Friday, November 7, 2008

Life's Most Embarrassing Moment and There's an Elephant in the Room (believe it or not, these are two totally unrelated subjects)

Kat, from over at Just a BeachKat, has challenged us to speak of our most embarrassing moment in life. Well, list is long and varied so it's hard to pinpoint one. Unsurprisingly, most of my such moments have occurred because I tend to speak as I'm thinking. Some times, a person really should just wait a moment and let their thoughts fully percolate before they express them. Here's a case in point:
About 7 1/2 years ago, Randey and I were looking to buy a house. We hired a realtor who came up with a list of homes for us to view. In one such house, we were walking through the place, checking out the amenities, when Randey spied the microwave oven. It was placed in a low cabinet, maybe 18 inches off the floor. Randey remarked how cool that would be for the kids - they could use the microwave without our help. He said it would sure be "convenient". I took one look at it and said, "For who? A midget?" Then I turned around and...yeah, you guessed it, the homeowner, a midget, was standing in the doorway. Who could have known? Nothing else in that house gave a clue that the owner was a little dude. I was so embarrassed, I couldn't wait to get back in the car. That house could have been the house of my dreams, and I never would have stepped foot in it again. (Luckily, it was over-priced for our budget anyway so that wasn't an issue. For once, having a lower budget came in handy!) The moral of this story: Think and look before you speak, Kari. Think and look!!
That may not be my most embarrassing moment in life, but it's got to be in the top 5.
Now I have to address a comment left here by Jeanne. Jeanne, an Obama supporter, had this to say about my post-election post:
"Sen. McCain was much more gracious than you all are. This election galvanized the people of this country who till this point felt they had no voice. It would be for the good of ALL for everyone to unite and truly make these the United States of America."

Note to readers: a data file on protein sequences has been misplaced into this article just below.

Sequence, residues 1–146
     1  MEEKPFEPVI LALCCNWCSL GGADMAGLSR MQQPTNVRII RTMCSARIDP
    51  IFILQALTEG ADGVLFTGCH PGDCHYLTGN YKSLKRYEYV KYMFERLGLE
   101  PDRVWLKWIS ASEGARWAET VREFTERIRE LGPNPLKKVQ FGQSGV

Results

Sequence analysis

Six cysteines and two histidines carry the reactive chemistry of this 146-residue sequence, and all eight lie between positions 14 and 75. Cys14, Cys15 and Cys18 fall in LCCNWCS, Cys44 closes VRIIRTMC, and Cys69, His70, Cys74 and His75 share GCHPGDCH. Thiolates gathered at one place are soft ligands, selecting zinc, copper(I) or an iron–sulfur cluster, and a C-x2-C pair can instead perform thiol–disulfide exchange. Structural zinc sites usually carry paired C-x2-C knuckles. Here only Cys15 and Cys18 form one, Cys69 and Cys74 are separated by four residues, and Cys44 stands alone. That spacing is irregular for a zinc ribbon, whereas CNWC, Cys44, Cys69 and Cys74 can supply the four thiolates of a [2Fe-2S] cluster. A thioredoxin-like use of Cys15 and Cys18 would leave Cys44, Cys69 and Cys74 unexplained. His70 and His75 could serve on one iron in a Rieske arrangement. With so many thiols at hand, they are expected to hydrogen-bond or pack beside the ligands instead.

I actually have two things to say about this. The first being that I think Jeanne may have totally and completely misunderstood my aversion to Obama. I wasn't opposed to him because he was a Democrat. I wasn't opposed to him because he has a funny name. And I wasn't opposed to him based solely on the fact that I wanted John McCain to win. I was opposed to him because I think he's a believer in Socialism, which is one step away from communism, which is the exact opposite of everything our country has ever stood for. I don't want my government to "spread the wealth". I want me and my fellow countrymen to earn our own wealth. And while that's one of the biggest issues I have with Barack Obama, it's just the tip of the iceberg. If his "world view" didn't scare the t-total hell out of me, I probably could rest a little easier with the thought of him leading our country. But be "gracious" about him being president, knowing all I've seen and heard from him? No. Not without seeing how he does. I don't give blind allegiance to any human being on this planet, regardless of their "position". You know, I was "gracious" when Texas whupped Oklahoma's butt in college football this year. I was "gracious" when the waiter walked up to our table and promptly tumped a full to-go container of hot spaghetti in my lap. I was "gracious" when my sister and I spotted the same beautiful red jar in an antique market and I backed off because I knew she wanted it more than I did. But be "gracious" when I think a socialist has been put in charge of our government and our military? No. I don't think so. But as I said in that post-election post, I will continue to pray that I am wrong about the man. I will keep an open mind. I will learn all I can about any given subject or decision he makes without jumping to conclusions. I will try to look at things from every angle possible. To do any less, would be remiss of me.